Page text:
We’ve had pets all our life. I grew up with them as well. I’ve always had cats, I’ve had fish, newts, frogs, dog, mouse, horses and a cow (yes you on the farm down the road). Matthew has had the pleasure of growing up with cats, fish, newts and tadpoles.
Now as you can see he loves his cats dearly. We’ve had a few unfortunate deaths which brought us to adopting Cheesecake, Gryffindor and Delaware back in 2017 but ever since Matthew and Gryffindor have been inseparable.
But why am I talking about pets? Especially with homeschooling?
Here’s the thing, it helps children become compassionate. Animals (well not tanked animals like fish) will become your child’s closest friend. It helps your child learn about taking care of the animal from food, water, grooming etc. And while yes some may see it as a chore or another thing to feed, it honestly becomes like part of the family.
We’ve also used these times like when we had tadpoles, to talk about the life cycle. We were able to watch them swim, learn about habitat, what they eat and how they come frogs.
Now of course you can start small. We’ve also gotten ants and Caterpillars as part of our science. I link that down below.
Disclaimer: Both links below are affiliated. It is completely up to you to use the links or not but I do make a commission with purchase.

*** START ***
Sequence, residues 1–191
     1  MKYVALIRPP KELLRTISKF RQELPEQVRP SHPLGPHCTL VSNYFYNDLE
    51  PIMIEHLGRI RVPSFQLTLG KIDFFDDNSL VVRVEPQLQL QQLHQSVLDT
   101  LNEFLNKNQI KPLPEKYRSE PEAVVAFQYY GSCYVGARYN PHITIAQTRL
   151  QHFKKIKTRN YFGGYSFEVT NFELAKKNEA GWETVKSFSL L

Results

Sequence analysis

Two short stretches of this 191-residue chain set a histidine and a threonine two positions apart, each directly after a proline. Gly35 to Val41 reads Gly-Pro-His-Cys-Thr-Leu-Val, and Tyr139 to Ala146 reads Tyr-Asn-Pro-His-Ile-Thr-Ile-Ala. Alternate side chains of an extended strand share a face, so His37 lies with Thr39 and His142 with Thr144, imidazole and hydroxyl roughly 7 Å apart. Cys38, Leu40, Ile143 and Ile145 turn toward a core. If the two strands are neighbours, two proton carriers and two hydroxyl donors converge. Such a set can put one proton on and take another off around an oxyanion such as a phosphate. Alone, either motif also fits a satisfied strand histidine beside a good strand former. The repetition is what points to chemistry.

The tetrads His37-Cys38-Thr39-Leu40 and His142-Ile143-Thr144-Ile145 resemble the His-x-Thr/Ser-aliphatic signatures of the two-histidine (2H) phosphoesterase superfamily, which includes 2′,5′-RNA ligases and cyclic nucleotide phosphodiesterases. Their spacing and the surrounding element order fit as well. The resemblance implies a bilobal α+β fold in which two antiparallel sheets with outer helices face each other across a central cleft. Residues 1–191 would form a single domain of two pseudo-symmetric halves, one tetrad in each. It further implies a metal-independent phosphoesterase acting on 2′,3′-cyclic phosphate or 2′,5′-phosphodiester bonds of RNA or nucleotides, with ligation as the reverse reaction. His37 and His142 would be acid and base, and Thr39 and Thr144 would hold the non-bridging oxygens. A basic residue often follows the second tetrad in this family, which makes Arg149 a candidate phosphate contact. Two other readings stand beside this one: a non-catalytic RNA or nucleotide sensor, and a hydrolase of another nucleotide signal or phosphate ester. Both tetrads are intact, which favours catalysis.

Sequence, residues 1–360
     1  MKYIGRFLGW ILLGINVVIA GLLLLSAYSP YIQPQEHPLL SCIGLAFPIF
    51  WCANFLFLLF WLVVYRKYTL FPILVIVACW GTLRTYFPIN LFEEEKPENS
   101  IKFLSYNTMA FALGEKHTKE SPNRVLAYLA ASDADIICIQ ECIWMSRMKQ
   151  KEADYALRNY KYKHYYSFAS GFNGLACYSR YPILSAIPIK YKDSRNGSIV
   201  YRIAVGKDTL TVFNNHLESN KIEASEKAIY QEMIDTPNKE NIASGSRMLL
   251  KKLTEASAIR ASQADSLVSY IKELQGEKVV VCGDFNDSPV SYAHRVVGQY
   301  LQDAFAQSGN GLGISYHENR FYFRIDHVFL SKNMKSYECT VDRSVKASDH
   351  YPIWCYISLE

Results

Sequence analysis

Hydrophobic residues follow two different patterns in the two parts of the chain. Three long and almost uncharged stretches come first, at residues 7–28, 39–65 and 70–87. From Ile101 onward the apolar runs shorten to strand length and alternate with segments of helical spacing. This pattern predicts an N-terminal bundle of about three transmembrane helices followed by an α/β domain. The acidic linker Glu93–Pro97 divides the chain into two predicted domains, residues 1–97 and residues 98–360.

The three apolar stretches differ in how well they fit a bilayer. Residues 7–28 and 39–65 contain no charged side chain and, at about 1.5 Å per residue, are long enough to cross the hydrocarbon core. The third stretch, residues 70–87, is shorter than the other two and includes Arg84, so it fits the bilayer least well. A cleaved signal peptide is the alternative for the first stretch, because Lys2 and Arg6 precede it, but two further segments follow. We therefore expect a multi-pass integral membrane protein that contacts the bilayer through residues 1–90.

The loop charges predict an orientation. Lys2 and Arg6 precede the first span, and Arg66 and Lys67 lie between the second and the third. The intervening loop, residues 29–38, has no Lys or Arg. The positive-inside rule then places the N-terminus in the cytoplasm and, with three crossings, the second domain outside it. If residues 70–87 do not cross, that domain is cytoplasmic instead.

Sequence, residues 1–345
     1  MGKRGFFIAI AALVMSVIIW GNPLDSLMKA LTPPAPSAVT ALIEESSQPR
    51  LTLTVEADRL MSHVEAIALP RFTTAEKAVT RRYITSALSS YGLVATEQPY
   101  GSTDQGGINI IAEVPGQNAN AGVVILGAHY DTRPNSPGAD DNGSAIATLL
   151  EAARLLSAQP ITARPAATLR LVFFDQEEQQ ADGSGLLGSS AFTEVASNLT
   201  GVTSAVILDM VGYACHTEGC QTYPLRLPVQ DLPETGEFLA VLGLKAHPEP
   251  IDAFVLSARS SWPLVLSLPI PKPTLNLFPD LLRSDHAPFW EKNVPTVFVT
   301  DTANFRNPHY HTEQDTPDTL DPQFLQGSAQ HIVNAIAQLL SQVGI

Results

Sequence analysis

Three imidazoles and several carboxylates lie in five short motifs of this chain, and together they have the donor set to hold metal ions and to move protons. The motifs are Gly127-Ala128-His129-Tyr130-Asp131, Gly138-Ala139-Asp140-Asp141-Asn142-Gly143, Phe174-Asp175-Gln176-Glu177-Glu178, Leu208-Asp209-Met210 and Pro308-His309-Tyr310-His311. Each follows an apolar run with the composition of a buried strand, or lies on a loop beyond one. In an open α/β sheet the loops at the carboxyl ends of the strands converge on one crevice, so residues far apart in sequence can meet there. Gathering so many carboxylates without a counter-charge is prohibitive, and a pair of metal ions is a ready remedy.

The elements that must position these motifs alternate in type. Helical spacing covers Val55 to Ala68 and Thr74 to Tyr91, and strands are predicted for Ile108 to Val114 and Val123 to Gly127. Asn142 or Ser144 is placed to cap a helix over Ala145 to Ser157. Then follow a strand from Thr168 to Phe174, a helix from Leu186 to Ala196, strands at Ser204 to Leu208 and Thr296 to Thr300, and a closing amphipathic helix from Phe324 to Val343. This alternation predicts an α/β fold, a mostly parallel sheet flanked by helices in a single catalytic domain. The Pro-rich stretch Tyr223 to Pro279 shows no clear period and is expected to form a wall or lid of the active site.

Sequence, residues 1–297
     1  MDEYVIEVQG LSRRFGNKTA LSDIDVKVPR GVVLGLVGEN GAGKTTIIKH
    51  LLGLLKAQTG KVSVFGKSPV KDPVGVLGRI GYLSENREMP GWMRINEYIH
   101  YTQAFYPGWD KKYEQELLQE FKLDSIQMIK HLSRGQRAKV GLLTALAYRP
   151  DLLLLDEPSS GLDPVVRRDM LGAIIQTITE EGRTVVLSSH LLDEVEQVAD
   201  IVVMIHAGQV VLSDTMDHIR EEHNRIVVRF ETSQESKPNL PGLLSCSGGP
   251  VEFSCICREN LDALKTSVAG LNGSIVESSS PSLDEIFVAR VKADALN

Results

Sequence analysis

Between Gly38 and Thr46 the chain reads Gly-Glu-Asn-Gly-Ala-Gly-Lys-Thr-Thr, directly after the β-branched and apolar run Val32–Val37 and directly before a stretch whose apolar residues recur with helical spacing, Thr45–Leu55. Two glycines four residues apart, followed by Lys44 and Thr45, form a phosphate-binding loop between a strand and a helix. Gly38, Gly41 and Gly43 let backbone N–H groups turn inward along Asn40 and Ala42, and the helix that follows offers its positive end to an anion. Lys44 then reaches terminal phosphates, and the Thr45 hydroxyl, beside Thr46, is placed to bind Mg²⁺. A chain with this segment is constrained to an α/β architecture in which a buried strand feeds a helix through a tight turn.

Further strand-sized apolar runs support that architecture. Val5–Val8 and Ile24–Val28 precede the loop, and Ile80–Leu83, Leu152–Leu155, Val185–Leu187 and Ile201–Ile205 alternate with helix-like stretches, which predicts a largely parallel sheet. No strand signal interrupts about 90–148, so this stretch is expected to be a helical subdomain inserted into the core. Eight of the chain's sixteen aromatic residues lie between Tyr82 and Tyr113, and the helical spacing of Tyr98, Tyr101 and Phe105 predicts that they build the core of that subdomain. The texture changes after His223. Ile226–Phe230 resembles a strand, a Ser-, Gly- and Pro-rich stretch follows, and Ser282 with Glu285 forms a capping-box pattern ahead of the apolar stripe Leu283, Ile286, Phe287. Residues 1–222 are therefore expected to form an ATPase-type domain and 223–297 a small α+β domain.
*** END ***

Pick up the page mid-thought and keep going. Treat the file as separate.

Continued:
Here is the link for the Caterpillars.
Here is the link for the Ant Farm.
But statistically kids with pets do better off. Here’s how:
-have better health. Kids with pets generally have less allergies, especially introduced at a young age.
– listen better. An article said obedience but I hate that word for children. Kids listen better overall. There was also a study showing that in correlation to kids having ADD or ADHD, it was higher with hyperactivity. Yes animals can absolutely get your child excited but they also make great emotional support animals as well.
– more physically active. Kids are less likely to be on screens then playing with pets (cats or dogs for the study done).
– be less moody. As I mentioned above they make great ESAs.
– have fewer behavioral problems
– have fewer learning problems
Now the study also noted that those with pets were also in better socio-economic homes meaning, that is also in correlation to the support a child needs or could need.
You can read more about it here and another article going into more detail on these benefits from the Drake Center.
From our own experiences, both myself in my childhood and from what I’m seeing with Matthew, love of animals have always been reciprocated without the need for words. We’ve talked about the circle of life, life cycles and where food comes from (farms and hunting).
I’ve also grown up visiting our local animal shelter, where we’ve adopted all our cats, to volunteer. As a mom, I’ve done the same with Matthew, not just to do good but teach responsibility and community.
So while Cats and Dogs may not be your thing, or tank animals (trust me I’m terrible with fish as much as we love them). Maybe start with ants or caterpillars. Use it as a lesson in responsibility and science.